Issandr El Amrani writes: There seems no end to the bad news coming out of Libya.
UN-led negotiations to unite the divided country — it has two parliaments, two governments, two militia coalitions that have been competing for control of a rapidly failing state since summer 2014 — are stalling. Fighting continues apace in Benghazi, the city that was the first to rebel against the rule of Muammar al-Gaddafi in 2011 and is now a byword for extremism. The Islamic State is growing by the day in the Gulf of Sirte in the center of the country, imposing its cruel dictates and making inroads elsewhere in the country. Criminal gangs – often the same militias that have had the run of the country since Gaddafi’s fall – are doing a brisk trade in people smuggling, sending off desperate migrants and refugees on rickety boats across the Mediterranean.
Oh, and by the way, Libya is also going broke.
That last tidbit should be surprising. Libya has Africa’s largest oil reserves and has long been an important supplier of light sweet crude, the kind made into gasoline and kerosene. It also had tons of money in both hoards of cash reserves and investments across the globe.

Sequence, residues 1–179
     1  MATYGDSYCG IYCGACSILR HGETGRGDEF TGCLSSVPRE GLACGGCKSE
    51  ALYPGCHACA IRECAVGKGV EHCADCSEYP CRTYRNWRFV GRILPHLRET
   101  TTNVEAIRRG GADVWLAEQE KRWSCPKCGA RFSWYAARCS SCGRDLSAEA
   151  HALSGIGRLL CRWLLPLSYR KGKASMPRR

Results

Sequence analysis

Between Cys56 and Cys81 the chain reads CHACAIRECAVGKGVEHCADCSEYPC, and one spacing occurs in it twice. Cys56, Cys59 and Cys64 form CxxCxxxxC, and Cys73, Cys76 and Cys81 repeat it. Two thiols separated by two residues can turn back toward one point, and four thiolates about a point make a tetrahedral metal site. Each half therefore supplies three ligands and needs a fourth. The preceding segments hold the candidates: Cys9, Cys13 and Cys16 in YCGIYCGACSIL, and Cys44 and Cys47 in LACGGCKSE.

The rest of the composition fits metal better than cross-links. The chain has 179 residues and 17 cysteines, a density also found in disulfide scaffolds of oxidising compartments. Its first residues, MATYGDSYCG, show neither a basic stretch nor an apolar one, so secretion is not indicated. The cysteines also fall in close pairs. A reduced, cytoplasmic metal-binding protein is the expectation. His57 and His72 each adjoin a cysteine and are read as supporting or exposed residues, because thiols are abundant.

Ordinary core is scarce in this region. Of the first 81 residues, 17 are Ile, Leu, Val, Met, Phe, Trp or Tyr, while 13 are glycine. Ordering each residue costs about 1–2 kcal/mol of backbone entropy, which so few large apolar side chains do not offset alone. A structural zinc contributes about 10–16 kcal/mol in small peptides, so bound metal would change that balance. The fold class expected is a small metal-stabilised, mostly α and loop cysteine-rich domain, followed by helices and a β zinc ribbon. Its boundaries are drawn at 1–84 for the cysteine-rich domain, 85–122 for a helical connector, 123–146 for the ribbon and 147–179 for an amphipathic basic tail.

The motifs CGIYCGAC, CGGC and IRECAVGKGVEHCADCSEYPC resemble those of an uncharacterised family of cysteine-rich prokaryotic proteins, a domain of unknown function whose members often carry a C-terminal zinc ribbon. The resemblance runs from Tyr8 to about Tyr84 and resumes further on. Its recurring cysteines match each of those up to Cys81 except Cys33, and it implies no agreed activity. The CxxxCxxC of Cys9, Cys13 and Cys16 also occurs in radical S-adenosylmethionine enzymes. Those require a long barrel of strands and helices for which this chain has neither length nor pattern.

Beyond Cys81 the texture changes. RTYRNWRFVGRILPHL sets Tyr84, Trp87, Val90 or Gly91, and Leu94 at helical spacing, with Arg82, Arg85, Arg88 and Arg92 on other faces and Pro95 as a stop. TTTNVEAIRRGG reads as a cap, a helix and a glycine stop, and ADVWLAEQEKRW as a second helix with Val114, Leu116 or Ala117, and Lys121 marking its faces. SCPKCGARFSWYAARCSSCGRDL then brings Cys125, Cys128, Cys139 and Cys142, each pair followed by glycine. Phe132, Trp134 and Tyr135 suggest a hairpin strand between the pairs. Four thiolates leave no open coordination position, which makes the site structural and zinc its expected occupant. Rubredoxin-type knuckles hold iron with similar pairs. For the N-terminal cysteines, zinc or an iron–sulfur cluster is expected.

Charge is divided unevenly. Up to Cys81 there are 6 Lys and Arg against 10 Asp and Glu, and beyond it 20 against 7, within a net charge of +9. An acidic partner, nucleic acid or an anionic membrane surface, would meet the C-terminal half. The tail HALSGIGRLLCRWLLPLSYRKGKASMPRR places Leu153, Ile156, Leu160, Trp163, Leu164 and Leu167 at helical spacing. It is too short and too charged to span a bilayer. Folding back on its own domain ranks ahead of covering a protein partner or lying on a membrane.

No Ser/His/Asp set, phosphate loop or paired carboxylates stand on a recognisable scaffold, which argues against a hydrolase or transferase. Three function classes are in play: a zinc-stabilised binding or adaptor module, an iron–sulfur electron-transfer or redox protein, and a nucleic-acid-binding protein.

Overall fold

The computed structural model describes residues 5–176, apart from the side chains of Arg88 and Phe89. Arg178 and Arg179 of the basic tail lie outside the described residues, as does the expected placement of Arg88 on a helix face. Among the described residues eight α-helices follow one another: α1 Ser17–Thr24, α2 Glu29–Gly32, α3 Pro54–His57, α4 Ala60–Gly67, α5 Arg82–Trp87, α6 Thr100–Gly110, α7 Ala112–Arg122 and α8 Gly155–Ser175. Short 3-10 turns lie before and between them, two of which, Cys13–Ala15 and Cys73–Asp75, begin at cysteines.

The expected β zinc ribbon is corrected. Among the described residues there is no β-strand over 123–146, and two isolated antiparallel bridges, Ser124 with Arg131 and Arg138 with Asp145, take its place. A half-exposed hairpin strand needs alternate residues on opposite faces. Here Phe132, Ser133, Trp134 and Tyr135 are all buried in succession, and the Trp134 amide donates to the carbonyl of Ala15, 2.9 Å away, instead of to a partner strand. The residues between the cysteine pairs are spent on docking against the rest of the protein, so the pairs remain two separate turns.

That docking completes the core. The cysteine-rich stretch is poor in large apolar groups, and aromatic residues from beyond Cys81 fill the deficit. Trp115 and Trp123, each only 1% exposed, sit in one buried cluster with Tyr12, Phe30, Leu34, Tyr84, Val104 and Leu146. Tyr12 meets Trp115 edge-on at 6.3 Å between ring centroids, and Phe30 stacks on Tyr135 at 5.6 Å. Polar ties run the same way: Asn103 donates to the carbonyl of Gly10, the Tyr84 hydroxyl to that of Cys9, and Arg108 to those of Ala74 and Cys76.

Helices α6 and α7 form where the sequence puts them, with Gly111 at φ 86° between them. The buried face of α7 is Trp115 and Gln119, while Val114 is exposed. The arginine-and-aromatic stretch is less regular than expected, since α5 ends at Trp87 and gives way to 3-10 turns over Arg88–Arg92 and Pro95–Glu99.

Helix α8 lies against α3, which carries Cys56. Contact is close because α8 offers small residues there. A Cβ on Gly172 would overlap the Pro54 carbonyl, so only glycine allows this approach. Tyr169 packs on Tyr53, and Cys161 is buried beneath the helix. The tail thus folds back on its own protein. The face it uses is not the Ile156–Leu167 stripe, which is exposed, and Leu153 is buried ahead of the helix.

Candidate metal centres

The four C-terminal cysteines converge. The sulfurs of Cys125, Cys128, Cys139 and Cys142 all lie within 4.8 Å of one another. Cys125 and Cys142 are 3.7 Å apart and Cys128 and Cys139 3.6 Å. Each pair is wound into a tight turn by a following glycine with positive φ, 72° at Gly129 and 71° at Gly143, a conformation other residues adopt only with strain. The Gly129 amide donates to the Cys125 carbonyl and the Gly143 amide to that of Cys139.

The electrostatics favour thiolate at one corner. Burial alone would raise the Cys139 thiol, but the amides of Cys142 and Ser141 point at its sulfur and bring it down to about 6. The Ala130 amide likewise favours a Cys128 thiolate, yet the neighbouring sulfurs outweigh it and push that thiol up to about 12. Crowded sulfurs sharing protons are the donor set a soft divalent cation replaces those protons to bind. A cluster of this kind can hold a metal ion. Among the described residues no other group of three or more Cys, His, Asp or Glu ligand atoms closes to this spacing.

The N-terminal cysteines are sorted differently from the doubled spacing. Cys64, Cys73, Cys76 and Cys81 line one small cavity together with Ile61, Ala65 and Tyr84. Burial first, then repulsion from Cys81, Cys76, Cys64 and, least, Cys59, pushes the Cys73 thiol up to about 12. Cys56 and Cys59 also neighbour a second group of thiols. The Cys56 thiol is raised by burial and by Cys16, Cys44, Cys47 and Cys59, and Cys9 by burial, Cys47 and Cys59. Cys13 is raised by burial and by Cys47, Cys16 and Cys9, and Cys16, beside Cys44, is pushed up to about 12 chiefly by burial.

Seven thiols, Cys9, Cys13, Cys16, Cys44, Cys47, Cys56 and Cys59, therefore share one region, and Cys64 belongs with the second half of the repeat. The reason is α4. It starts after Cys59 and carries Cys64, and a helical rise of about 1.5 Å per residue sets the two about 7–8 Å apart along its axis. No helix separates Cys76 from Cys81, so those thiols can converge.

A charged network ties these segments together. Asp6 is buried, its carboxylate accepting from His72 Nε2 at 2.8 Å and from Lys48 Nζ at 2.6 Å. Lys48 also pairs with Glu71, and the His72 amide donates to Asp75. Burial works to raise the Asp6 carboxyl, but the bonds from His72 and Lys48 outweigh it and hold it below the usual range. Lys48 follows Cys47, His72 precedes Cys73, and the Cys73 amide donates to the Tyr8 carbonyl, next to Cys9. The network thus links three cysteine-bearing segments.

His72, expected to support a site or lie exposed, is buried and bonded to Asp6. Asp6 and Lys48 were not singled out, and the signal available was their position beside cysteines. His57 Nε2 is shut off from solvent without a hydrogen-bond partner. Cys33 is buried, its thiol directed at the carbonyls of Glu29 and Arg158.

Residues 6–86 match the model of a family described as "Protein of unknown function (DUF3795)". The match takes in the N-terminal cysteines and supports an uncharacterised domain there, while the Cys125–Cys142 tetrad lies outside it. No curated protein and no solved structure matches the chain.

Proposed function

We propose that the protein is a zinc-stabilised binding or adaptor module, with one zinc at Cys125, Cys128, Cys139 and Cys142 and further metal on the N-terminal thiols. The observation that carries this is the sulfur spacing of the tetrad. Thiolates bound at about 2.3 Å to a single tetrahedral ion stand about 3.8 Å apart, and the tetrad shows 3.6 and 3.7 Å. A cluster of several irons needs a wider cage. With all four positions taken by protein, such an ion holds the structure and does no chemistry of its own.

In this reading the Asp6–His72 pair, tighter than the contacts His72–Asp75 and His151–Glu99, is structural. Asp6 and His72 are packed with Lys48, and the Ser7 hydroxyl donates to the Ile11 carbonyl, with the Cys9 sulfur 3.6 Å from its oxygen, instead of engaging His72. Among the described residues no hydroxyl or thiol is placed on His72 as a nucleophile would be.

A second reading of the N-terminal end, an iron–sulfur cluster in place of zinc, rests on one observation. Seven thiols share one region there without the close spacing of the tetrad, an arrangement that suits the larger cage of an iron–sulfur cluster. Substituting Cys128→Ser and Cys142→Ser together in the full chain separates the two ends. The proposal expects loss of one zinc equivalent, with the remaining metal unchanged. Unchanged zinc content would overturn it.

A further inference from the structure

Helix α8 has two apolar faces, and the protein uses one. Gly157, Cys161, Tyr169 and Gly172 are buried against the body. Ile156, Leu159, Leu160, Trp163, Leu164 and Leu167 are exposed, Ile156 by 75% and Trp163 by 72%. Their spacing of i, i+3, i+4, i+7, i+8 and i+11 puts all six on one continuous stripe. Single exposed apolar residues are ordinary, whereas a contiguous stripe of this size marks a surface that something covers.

But the oil, which used to bring in 96 percent of the country’s income, is not flowing anymore. From a high of at least 1.6 million barrels per day at the beginning of 2011, Libya is lucky to export a fourth of that today. Militias have taken control of oil fields, pipelines and export facilities across the country. At first, they sought to extort the central government to keep the oil flowing. But since the country was divided into two rival governments, they are simply fighting to keep oil revenue from each other: you take over my oilfield, I block your pipeline. Since earlier this year, IS has jumped into the fray, simply destroying facilities to keep any government from getting its revenues — although, in the longer term, it may very well want to control the oil itself. [Continue reading…]